Tool Time Field Trip

Last weekend I found myself in a hardware store with my husband, and not just any hardware store but one that focused on tools for customers who knew what they were looking for (few items had instructions on their packaging).

We spent some time on the welding aisle. It was amazing! There were so many objects from floor level to all the way overhead, whose purposes were a mystery to me. It was fascinating.

There was something called a “Chipping Hammer” that had a spiral metal wire handle with a rod and a hunk of wood located at its end. Pointing upward from the wood were bristles like on a hairbrush, only they were made of metal. Protruding from the end of the “hairbrush” base was what looked like a hatchet blade. Hmmm. It got me thinking. What is this used for? What could I imagine it to be used for? What would some space alien, coming upon it, hypothesize it was used for?

There was a welding helmet shaped and painted like a skull with silver teeth and a rectangle where its eyes should be and a cool 24 inch magnetic claw that I know a bunch of third graders could have a lot of fun with. It had a spring powered handle at the top and a bright orange casing that held two little magnets at the bottom and from which emerged a little metal spider-hand when the handle was activated.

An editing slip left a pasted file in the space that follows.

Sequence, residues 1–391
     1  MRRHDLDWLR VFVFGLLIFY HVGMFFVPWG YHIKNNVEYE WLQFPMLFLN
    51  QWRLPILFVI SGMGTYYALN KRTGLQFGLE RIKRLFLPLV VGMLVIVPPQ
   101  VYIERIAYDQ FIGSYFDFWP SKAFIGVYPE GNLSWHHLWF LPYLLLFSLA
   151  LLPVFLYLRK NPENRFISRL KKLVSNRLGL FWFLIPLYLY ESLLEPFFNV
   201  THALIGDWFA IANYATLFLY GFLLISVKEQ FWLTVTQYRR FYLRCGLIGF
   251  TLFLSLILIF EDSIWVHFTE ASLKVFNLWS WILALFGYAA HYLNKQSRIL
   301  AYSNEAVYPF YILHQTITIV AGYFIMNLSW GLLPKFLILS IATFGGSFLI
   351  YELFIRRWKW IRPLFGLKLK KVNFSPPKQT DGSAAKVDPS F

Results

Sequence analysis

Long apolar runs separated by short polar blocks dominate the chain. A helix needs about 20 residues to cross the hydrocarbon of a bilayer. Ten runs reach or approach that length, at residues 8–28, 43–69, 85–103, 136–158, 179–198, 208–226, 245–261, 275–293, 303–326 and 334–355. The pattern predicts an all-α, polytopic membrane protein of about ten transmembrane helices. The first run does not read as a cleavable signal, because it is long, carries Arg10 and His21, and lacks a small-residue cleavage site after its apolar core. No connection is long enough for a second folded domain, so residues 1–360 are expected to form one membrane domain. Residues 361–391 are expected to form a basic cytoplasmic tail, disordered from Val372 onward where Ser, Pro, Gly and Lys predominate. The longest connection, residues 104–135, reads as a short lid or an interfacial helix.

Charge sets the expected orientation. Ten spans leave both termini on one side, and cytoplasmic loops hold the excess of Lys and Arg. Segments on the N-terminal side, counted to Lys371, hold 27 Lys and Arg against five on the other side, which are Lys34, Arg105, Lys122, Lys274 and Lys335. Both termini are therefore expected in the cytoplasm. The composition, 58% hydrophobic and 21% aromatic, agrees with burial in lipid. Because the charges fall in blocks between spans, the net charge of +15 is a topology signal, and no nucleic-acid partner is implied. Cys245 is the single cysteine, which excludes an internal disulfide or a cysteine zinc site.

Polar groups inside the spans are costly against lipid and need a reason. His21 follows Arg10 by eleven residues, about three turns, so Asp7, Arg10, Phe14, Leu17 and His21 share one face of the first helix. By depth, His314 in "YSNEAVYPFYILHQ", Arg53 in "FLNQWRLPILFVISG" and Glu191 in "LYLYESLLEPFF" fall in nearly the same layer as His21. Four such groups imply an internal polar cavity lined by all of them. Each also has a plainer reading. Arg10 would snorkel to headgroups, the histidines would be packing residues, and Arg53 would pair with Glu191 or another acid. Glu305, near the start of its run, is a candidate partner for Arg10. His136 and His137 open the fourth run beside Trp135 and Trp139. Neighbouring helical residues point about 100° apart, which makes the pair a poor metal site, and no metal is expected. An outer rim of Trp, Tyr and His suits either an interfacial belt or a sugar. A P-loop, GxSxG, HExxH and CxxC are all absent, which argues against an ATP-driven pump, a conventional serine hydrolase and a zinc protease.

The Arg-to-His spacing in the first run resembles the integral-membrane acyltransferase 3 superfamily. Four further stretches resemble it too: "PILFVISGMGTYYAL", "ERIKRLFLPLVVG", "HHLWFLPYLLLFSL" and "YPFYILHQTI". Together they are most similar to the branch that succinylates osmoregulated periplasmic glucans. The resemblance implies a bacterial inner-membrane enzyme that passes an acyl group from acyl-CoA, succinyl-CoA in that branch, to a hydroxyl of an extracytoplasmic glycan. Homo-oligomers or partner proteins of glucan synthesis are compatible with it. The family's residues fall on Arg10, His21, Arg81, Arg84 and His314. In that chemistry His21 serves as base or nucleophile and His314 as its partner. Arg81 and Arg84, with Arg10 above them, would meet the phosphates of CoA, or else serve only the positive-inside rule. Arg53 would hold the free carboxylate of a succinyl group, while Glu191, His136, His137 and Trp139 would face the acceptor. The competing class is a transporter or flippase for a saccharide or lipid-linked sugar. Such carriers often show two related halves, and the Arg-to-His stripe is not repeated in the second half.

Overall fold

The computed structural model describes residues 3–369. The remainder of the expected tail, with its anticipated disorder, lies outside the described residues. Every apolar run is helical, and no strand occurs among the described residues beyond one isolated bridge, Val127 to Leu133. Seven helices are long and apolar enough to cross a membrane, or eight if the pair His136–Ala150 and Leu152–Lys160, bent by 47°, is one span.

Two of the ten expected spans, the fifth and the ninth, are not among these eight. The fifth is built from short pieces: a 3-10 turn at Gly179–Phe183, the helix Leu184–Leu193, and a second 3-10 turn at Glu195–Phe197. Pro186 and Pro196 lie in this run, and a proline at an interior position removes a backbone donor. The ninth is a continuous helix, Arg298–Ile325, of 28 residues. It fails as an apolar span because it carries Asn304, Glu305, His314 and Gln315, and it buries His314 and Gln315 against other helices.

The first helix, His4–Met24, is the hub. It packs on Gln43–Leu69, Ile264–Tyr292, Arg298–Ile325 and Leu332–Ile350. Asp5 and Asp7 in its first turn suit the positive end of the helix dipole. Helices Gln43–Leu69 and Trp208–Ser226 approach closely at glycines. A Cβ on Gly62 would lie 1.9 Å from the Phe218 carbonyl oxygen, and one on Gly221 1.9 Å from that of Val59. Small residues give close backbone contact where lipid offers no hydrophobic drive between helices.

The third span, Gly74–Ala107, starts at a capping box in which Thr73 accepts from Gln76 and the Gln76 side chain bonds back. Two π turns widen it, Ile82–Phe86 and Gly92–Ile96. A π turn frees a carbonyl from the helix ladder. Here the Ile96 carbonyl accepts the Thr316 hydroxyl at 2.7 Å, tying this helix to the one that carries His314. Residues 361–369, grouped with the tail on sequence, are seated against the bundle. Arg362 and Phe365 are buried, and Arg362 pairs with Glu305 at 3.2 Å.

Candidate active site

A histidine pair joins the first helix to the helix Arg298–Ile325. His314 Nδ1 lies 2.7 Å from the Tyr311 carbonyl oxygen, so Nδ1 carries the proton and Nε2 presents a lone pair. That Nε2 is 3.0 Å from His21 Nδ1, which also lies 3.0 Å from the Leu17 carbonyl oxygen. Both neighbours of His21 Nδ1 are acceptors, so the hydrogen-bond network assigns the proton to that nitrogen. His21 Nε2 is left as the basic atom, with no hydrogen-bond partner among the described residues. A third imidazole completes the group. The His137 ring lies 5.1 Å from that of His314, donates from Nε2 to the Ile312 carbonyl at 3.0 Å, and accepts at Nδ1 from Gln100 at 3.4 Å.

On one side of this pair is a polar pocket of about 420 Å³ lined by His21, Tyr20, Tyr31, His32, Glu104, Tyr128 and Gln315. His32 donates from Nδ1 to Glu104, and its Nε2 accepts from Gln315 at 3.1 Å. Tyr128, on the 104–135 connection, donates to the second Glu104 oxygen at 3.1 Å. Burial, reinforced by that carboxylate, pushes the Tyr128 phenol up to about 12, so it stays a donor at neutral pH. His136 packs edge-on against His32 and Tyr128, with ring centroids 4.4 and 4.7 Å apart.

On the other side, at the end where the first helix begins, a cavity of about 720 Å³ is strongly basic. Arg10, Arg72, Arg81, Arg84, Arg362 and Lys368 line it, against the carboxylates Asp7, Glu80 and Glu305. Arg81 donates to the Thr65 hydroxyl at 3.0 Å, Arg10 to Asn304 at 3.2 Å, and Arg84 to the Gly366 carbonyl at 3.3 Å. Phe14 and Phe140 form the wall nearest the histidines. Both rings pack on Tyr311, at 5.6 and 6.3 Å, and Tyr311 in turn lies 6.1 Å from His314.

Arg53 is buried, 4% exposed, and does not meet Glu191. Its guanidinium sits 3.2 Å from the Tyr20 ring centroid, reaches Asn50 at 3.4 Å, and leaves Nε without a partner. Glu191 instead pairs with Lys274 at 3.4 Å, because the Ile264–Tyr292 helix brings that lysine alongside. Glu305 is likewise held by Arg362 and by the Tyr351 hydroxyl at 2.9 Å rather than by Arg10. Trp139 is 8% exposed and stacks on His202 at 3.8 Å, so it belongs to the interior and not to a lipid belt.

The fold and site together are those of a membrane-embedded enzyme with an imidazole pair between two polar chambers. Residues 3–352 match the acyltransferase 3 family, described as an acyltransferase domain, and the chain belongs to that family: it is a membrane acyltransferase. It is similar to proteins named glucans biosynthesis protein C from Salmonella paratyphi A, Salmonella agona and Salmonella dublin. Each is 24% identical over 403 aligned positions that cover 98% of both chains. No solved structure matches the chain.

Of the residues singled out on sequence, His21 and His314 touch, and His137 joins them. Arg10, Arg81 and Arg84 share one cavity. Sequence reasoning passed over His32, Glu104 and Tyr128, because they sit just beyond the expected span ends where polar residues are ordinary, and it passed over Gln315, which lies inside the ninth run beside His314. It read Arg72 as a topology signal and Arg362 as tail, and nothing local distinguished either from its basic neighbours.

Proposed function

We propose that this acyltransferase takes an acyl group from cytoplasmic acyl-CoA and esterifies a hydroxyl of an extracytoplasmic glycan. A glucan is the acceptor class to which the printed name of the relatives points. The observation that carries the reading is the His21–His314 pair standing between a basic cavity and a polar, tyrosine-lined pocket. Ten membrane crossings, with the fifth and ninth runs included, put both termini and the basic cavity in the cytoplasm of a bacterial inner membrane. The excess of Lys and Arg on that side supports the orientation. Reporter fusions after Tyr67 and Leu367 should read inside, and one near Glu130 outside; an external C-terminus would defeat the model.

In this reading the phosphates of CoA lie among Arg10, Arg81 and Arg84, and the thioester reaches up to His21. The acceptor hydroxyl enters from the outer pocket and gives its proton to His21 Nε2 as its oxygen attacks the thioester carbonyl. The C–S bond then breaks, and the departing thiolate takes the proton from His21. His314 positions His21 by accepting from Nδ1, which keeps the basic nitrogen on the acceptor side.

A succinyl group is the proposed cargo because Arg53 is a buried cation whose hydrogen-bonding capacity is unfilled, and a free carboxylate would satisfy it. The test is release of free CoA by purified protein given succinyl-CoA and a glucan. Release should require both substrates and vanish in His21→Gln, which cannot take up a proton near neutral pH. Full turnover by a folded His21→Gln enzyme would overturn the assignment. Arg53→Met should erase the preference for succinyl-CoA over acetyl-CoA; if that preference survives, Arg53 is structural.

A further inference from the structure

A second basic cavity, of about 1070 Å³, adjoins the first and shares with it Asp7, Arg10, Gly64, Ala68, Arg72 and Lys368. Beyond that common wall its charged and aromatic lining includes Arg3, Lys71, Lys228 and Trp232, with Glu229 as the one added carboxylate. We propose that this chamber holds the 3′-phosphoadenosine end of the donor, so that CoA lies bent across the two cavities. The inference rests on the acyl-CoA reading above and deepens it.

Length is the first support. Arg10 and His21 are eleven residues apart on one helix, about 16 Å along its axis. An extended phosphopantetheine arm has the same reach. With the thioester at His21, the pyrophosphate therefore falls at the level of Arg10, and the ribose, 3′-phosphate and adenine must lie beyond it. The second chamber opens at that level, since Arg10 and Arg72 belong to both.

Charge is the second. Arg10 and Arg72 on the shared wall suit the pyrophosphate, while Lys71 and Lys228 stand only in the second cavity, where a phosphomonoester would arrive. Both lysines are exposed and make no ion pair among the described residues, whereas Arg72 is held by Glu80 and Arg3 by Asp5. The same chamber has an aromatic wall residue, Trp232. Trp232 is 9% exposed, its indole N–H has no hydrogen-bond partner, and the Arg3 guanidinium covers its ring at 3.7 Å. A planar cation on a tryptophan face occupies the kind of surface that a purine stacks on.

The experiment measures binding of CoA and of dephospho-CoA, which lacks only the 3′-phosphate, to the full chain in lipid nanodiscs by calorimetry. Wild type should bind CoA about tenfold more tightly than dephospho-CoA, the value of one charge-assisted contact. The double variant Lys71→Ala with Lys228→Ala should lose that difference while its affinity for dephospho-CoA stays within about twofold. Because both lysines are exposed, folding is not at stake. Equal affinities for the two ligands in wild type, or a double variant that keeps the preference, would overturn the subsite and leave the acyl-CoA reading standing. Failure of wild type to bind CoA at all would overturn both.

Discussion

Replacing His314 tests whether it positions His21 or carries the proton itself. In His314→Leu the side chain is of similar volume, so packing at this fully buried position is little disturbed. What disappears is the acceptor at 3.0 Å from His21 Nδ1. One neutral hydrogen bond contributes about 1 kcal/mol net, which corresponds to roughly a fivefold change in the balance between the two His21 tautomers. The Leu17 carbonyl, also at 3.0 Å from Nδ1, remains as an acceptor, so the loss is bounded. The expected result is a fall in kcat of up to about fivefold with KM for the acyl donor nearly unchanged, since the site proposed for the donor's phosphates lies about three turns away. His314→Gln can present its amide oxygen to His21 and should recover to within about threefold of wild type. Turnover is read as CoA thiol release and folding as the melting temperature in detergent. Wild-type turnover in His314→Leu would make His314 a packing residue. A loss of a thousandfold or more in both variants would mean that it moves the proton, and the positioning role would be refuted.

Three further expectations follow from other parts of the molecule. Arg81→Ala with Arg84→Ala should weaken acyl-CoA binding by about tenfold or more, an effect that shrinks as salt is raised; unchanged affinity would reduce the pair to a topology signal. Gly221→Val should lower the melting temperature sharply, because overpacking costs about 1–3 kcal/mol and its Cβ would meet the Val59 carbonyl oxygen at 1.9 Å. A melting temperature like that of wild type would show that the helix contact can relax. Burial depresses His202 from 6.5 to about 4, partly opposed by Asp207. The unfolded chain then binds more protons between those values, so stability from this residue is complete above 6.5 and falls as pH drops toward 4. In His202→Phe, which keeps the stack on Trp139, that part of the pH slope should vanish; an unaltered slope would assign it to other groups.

Suddenly it hit me. What a great family field trip this would make. You could go to a store that sells things you know nothing about (a farm machinery or tractor parts warehouse, an auto shop, or craft store). Each person should take a piece of paper and something to support it for writing, a pen or pencil for taking notes, and if you wish, an eraser and color pencils for drawing your finds.

Each person should select an object. (You might want to choose an aisle to focus on so you won’t have to split up.) Each person should take notes describing their object, speculating on its uses. Then go somewhere you can sit down and write. Each person can write a catalogue description of their object, including a physical description and instructions for how they think it is to be used, or a short story, script or chapter of a novel showing their object in use in some meaningful way.

Then, of course, share your masterpieces with each other. Read aloud and praise one another, specifically highlighting where each person’s writing really shines.